From SLC, about to board a plane. Goodby for now.

jimmiraybob said...

wsforten

Also too, are you familiar with Aquinas' de Regno?

Tom Van Dyke said...

Tom, You started this conversation with us by making the case that our Old School Presbyterianism is somehow invalid in light of Calvinist thought and influence at the time of the Revolution.

Actually, I'm saying your sub-sect [OPC's] condemnation of the American revolution as being contrary to Calvinism may be theologically true [only God knows], but was certainly not normative in America.

Fer crissakes, bro, John Witherspoon led the American revision of the Westminster Confessions.

Rev. John Witherspoon, man, signer of the Declaration. You guys live in some other universe.

Tom Van Dyke said...

One more thought: for all those who want to write Calvinism into the American founding, what about all the Calvinists in what would be Canada, Scotland, Ireland, Switzerland, and the Netherlands who opposed revolution. Some of them even formed an Anti-Revolutionary Party.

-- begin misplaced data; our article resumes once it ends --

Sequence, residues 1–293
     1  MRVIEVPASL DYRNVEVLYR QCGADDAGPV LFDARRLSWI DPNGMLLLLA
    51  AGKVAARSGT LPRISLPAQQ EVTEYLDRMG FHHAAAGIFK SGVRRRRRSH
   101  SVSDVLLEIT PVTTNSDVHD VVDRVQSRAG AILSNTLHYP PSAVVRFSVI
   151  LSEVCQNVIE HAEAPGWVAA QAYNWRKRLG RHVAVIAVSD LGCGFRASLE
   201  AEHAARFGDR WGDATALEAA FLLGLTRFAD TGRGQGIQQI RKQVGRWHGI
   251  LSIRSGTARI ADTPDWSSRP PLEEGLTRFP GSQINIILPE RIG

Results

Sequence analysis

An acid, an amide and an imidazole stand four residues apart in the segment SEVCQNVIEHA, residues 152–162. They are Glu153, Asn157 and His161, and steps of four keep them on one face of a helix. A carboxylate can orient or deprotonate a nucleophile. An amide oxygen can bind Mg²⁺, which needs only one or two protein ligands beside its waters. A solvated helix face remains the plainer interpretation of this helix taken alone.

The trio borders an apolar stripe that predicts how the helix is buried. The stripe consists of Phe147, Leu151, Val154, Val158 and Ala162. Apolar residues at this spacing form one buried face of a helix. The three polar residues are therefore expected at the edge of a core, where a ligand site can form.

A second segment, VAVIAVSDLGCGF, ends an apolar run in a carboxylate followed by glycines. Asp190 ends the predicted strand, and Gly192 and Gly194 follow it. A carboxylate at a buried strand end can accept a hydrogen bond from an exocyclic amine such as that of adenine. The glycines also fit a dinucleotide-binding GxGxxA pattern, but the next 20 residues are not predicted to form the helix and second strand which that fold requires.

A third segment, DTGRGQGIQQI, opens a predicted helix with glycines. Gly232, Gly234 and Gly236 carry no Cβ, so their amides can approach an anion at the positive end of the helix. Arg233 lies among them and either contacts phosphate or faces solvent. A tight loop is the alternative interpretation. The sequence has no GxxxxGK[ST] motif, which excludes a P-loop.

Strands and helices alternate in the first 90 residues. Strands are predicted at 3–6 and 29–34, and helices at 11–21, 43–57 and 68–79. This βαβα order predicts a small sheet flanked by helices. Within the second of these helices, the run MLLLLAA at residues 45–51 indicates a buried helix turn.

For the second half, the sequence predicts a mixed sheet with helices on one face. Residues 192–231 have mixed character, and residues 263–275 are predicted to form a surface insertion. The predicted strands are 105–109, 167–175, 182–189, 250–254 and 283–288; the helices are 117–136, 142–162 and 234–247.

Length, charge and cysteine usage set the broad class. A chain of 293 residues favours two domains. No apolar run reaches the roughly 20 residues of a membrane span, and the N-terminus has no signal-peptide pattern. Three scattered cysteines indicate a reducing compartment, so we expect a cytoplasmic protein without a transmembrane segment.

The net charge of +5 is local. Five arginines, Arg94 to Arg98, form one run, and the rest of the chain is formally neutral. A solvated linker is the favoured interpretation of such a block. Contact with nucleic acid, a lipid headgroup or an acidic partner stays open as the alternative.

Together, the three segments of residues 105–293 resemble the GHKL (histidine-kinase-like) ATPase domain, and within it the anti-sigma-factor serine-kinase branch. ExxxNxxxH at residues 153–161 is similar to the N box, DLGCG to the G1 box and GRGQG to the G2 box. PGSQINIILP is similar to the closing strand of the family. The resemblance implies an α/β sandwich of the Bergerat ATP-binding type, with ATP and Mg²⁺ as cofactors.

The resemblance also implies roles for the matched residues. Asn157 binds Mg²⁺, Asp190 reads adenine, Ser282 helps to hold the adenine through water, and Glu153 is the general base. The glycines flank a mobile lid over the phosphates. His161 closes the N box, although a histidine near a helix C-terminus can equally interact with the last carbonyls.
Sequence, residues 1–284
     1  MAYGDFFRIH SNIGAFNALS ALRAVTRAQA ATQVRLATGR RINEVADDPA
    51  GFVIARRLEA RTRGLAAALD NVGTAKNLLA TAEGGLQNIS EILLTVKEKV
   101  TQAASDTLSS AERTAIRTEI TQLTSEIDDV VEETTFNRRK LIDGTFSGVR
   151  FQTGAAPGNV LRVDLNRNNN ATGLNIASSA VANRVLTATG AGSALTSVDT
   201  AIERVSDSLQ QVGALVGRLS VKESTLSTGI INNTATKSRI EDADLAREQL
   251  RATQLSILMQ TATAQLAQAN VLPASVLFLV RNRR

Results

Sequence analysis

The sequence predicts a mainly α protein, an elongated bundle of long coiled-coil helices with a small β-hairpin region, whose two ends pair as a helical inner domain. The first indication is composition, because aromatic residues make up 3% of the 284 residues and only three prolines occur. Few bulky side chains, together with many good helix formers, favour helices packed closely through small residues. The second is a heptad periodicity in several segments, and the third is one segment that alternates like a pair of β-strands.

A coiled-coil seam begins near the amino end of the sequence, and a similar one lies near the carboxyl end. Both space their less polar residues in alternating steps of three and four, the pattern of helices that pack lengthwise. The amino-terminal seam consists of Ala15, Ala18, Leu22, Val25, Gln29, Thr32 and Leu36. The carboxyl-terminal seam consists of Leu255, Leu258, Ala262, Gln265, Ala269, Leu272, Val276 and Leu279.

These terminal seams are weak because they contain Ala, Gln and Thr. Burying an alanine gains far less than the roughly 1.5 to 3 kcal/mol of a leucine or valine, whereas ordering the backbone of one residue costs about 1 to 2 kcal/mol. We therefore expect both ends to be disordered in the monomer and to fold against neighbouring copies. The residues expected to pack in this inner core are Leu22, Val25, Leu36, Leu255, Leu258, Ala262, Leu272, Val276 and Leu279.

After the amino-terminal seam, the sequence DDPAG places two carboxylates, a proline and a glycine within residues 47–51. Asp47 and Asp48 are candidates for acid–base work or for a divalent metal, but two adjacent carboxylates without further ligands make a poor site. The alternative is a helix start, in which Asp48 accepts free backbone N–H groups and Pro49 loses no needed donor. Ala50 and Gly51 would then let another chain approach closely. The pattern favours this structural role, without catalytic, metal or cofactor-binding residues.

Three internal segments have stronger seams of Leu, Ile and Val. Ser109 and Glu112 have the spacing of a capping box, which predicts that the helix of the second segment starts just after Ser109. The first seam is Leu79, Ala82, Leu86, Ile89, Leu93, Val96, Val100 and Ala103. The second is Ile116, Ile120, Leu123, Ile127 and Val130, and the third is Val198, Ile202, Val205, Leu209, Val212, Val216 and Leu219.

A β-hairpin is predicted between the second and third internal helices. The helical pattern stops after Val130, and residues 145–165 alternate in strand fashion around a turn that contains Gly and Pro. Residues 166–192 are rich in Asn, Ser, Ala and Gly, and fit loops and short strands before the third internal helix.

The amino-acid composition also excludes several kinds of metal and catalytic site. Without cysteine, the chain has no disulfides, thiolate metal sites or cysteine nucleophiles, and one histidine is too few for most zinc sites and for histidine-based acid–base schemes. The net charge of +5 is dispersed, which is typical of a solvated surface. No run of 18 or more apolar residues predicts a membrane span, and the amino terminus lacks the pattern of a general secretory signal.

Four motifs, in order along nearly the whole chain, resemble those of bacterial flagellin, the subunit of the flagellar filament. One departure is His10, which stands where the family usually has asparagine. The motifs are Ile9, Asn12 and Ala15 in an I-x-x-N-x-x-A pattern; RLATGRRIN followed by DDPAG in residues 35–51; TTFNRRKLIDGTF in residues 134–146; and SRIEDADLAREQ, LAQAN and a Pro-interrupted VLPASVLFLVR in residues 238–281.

Well, Darryl, you have to account for the English civil wars of the 1600s, including the "Puritan revolution!" It's that British Calvinism that paved the way for the American revolution, not the other countries you name.

Erik Charter said...

Only in America (and on the internet) can a guy who uses the Lord's name in vain simultaneously be an expert on the history of Calvinism.

Witherspoon was not Pope Witherspoon.

Erik Charter said...

And I'm not in the OPC. Two Kingdoms / Spirituality of the Church is broader than that, as is the study of Presbyterian & Reformed history.

Erik Charter said...

Tom,

Other than Mark do you have any other allies here that are supporting your point? It's like being invited to the Playboy Mansion and being greeted by Hugh Hefner...and his dad.

Erik Charter said...

One thing to think about in the history of Presbyterianism is the number of instances where there have been splits/disagreements and the "winning" side has not (in my opinion) been the correct side. The New Side/New School wings arguably "won" the debate with the Old Side/Old School wings on revivalism. Additionally, The PCUSA remains larger than Machen's OPC. I don't want to worship in a revivalistic PCUSA church, though. Tom seems to be one of those "scoreboard" guys who is mostly impressed with large numbers. Even if Hall/Tom/Witherspoon were right, it doesn't mean that supporting the Revolution was correct, does it? Are we arguing history alone or are we arguing theology as well?